If you’re active on social media, you likely most commonly come across the use of drones in beautiful photography and videography.
Formally, drones are known as unmanned aerial vehicles (UAVs) or unmanned aircraft systems.
Essentially, a drone is a flying robot that can be remotely controlled or using software-controlled flight plans in its embedded systems. This works in conjunction with onboard sensors and a GPS.
Beyond their uses for social media or marketing content, they’re widely used as working partners in various industrial sectors, where they execute routine work functions.
These include agricultural processes, search and rescue, monitoring, and more. Their use cases are growing with each advancement of drone technology, and they’re increasingly used in demanding and dangerous work to prevent potentially fatal work accidents too.
Pioneering the growth of drone applications in industries in Malaysia is(Drone Academy), and here’s what they’ve been doing thus far.
In 2018, commercial usage of drones was gaining steady momentum and more industries started adopting drones to become a part of their regular operations.
However, there wasn’t yet a Malaysian organisation that focused on providing comprehensive and professional drone training for industry usage.
“I personally recalled when we first started, the drone usage in Malaysia was mainly skewed towards the aerial photography and hobbyists,” explained Erin Hoo, Director and Accountable Manager of Drone Academy Asia.
The founders of Drone Academy Asia come from a blended background in Drones Consulting, MarTech, and Business Strategy. Part of the academy’s founding team also includes Poladrone’s (now known as Aonic) CEO and founder, Jin Xi Cheong.
When the team was doing market research in the early days, the most pressing question they received was whether they could upskill workforces in drone applications catered to their industries.
Hence, Drone Academy was launched as a solution to such demands. It was also to establish itself as an organisation dedicated to providing drone training.
“I firmly believe that with all the latest technologies, we need solid training now more than ever. Only with knowledge can we integrate drones in a sustainable manner,” shared Erin.
Despite their experience in dronetech, the team still acknowledges there’s always more to learn, so they often educate and upskill themselves with the help of other experts.
“This includes formal and informal interactions with drone manufacturers and drone service providers and involving themselves in drone operations,” mentioned Erin.
Only this way can they produce competent remote drone pilots who fully understand aviation safety, allowing the industry to grow in a way that doesn’t jeopardise the public’s safety, but instead benefits it.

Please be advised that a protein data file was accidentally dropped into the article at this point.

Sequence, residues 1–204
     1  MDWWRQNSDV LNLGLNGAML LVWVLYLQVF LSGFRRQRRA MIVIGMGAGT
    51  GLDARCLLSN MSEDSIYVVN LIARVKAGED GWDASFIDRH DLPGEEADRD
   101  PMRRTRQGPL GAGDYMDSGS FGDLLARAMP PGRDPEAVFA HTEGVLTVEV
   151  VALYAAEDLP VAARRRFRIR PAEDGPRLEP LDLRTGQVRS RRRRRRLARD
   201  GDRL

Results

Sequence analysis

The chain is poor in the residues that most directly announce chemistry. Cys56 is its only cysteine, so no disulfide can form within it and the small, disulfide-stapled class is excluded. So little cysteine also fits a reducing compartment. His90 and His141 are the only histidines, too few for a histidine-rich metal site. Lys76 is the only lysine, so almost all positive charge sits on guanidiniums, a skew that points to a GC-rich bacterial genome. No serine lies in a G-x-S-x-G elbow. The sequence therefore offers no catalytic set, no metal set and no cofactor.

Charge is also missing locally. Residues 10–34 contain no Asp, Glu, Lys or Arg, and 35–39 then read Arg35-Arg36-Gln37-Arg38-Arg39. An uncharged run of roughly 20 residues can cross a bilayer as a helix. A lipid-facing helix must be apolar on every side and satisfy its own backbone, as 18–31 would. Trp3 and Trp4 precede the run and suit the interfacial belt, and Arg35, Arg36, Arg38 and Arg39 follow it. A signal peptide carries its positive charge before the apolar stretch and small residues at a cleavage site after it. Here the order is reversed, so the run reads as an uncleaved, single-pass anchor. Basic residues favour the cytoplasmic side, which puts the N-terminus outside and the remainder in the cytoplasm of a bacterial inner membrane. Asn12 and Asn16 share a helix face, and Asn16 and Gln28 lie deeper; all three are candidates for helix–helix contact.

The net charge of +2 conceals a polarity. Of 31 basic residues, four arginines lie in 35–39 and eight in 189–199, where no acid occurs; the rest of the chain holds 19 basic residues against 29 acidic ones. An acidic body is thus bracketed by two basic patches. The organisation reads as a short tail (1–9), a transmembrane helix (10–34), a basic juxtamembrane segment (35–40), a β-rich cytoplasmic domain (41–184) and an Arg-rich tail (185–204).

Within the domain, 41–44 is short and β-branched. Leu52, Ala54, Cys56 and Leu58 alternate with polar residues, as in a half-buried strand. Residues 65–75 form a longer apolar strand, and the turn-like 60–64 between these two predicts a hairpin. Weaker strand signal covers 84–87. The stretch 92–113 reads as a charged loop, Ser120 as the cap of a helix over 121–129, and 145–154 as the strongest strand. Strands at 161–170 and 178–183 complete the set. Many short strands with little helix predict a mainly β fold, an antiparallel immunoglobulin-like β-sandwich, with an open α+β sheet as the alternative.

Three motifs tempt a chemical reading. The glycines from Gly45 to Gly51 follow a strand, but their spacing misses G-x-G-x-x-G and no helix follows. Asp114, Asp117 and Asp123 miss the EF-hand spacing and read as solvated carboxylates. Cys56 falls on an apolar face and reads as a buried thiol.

Drones as a benefit
According to Erin, previously, most of the individuals they spoke to were excited about the technology, but did not know what they wanted to apply it to.
A testament to the industry’s progression, however, they now encounter many individuals and organisations who are clear on their objectives in implementing drones.
On the side of regulators, the Civil Aviation Authority of Malaysia (CAAM) has supported the advancement of integrating drones into the Malaysian airspace. Hence, there is an increase in awareness of safety rules when operating drones.
In line with the CAAM’s objectives, Drone Academy has come up with a solid regulatory framework and a standardised curriculum approved by the CAAM.
This will provide a greater boost of confidence for enterprises and industries to expand their investment in drone technology. In turn, this will increase employment opportunities across industries that utilise drones such as energy, surveying, surveillance, and agriculture.
“This is why as a CAAM-approved Remote Pilot Training Organisation, we have a duty to ensure that our trainees have a deep understanding of the importance of safety in drone operations,” said Erin.
By putting aside their interests, the academy believes drone usage will reduce operating costs and increase productivity in return.
Additionally, the academy also had its representatives invited to speak at various conferences and seminars on drones.
Erin has faith that this will augur well for the future outlook of Malaysia.
The future of drones
In the eyes of the academy, drone training and education will have to align with real industry needs.
“This is why we always stress that our trainees should match their training needs to an outcome they want to achieve with drones,” added Erin.
Currently, the academy does not provide programmes for children as they are choosing to focus on using drones for work purposes.
Moving forward, Drone Academy’s short-term goals include continuing to deliver optimal learning experiences for their trainees in this ever-evolving market.
This includes growing the academy’s team, increasing their internal know-how, and establishing partnerships within the Malaysian market.
In the long term, they are looking at developing more technical and advanced application-specific courses, as this would be in line with industry needs.
- Learn more about Drone Academy .
- Read other articles we’ve written about Malaysian startups here.
Featured Image Credit: Drone Academy